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Biron. And three times three is nine ?

Coft. Not fo, Sir, under' correction, Sir; I hope, it is not so. You cannot beg'us, Sir ; I can assure you, Sir, we know what we know: I hope, three times thrice, Sir

Biron. Is not nine.

Coft. Under correction, Sir, we know whereuntil it doth amount.

Biron. By Jove, I always took three threes for nine.

Cost: O lord, Sir, it were pity you should get your living by reckoning, Sir.

Biron. How much is it?

Col. O lord, Sir, the parties themselves, the actors, Sir, will shew whereuntil it doth amount; for my own part, I am, as they say, but to perfect one man in one poor man, Pompion the Great, Sir.

Biren. Art'thou one of the worthjes?

Coft. It pleased them to think me worthy of Pompion the Great : for mine own part, I know not the degree of the Worthy; but I am to stand for him.

Biron. Go bid them prepare.
Coff. We will turn it finely off, Sir, we will take some

care.

King. Biron, they will shame us; let them not approach.

[Exit Colt. Biron. We are shame-proof, my lord ; and 'tis some

policy To have one Show worse than the King's and his Com.

pany.
King. I fay, they shall not come.

Prin. Nay, my good lord, let me o'er-rule you now;
That sport best pleases, that doth least know how.
Where zeal strives to content, and the contents
Dies in the zeal of that which it presents ;
Their form, confounded, makes most form in mirth;
When great things, labouring perith in their birth.

Biran, A right description of our sport, my lord.

Enter Enter Armado, Arm. Anointed, I implore so much expence of thy royal sweet breath, as will utter a brace of words.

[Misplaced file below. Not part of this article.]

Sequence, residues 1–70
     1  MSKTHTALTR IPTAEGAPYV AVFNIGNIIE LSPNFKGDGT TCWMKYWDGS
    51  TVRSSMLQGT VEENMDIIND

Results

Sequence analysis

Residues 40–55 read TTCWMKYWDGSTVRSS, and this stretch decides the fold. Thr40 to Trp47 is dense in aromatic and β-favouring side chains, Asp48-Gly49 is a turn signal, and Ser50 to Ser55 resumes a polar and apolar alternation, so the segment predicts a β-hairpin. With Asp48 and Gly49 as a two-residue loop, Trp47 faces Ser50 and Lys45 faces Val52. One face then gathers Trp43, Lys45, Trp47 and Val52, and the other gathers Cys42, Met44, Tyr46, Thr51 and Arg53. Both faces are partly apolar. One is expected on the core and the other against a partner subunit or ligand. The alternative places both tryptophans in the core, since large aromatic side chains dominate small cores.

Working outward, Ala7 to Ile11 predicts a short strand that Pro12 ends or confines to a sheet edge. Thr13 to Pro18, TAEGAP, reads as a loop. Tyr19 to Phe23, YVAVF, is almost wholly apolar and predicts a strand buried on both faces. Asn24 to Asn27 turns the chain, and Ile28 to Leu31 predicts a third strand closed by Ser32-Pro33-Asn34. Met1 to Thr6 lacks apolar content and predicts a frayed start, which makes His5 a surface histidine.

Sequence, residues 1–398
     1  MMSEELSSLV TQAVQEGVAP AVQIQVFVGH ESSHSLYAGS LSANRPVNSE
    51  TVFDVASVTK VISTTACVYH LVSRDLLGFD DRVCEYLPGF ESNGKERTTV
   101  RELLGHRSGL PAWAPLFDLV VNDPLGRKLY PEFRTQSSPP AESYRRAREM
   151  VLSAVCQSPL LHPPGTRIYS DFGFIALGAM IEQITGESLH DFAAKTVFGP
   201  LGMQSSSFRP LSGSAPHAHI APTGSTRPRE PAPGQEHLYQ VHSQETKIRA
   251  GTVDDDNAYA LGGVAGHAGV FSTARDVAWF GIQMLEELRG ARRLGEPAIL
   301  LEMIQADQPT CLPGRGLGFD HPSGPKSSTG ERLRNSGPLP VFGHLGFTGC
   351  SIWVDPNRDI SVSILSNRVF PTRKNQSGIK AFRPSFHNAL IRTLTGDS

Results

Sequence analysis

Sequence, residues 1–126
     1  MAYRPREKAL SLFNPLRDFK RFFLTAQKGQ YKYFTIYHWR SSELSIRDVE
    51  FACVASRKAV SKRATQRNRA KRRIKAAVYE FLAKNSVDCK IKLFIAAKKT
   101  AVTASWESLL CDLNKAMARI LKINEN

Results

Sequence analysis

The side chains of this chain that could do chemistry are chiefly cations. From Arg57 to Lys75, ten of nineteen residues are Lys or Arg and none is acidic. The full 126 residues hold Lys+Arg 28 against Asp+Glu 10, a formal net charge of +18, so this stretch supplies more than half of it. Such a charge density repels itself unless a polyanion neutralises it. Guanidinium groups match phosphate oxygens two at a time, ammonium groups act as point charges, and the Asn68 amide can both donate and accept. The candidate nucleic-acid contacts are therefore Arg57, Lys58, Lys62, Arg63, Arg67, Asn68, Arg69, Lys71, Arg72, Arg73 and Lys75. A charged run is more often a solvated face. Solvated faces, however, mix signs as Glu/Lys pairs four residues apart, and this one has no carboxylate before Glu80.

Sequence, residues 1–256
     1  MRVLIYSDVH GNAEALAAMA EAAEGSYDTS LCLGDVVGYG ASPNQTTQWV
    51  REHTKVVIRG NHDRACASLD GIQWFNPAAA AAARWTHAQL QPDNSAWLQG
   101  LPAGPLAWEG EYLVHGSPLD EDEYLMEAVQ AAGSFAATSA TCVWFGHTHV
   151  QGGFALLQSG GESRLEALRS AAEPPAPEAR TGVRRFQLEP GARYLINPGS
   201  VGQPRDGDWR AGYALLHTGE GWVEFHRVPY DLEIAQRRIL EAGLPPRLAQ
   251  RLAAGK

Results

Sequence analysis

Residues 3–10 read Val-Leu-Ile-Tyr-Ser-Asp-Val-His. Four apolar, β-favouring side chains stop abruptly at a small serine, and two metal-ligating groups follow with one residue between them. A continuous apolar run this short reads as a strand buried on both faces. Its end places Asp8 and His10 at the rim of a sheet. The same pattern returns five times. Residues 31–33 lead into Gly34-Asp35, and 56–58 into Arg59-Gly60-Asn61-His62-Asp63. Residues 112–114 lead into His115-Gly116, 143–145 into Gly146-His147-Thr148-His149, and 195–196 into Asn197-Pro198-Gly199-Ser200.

Prin. Doth this man serve God?
Biron. Why ask you?
Prin. He speaks not like a 'man of God's making.

Arm. That's all one, my fair, sweet, honey monarch ;: for, I protest, the schoolmaster is exceeding fantastical 3: too, too vain; too, too vain : but we will put it; as they fay, to fortuna de la guerra. I wish you the peace of mind, moft royal coupplement:

King. Here is like to be a good presence of Wor-
thies : he presents Hector of Troy; the lwain, Pompey the
Great; the parish-curate, Alexander ;: Armado's page,
Hercules; the pedant, Yudas Machabeus.
And if these four Worthies in their first Show thrive,
These four will change habits, and present the other five,

Biron. There are five in the first Show.
King. You are deceiyd, 'tis not so.
Biron. The pedant, the braggart, the hedge priest,,

the fool, and the boy.
A bare throw at Novum, and the whole world again
Cannot prick out five such, take each one in's vein.
King. The ship is under fail, and here the comes

amain.

Enter Costard for Pompey.
Coft. I Pompey am-
Boyet. You lye, you are not he.
Cost. I Pompey am
Boyet. With Libbard's head on knee.

Biron. Well said, old mocker : I must needs be: friends with thee.

Coff. I Pompey am, Pompey furnam'd the Big.
Dum. The Great.

Coft. It is Great, Sir ; Pompey, Jurnam'd the Great';
That oft in field, with targe and shield,
Did make my foe to fweat ::

5

Anda!

cbance ;

Ind travelling along this coast, I bere am come by And lay my arms before the legs of this fweet Lass of

France. If your ladyship would say, " thanks, -- Pompey, I had

done. Prin. Great thanks, great Pompey.

Coff. 'Jis not so much worth ; but, I hope, I was perfect. I made a little fault in great.

Biron. My hat to a half. penny, Pompey proves the beft Worthy

Enter Nathaniel for Alexander. Nath. When in the world I liv'd, I was the world's

Commander; By eaft, weft, north and fouth, I spread my conquering

might: My 'Sextcbeon plain declares, that I am Alisander. Bozet. Your nose says, no, you are not; for it lands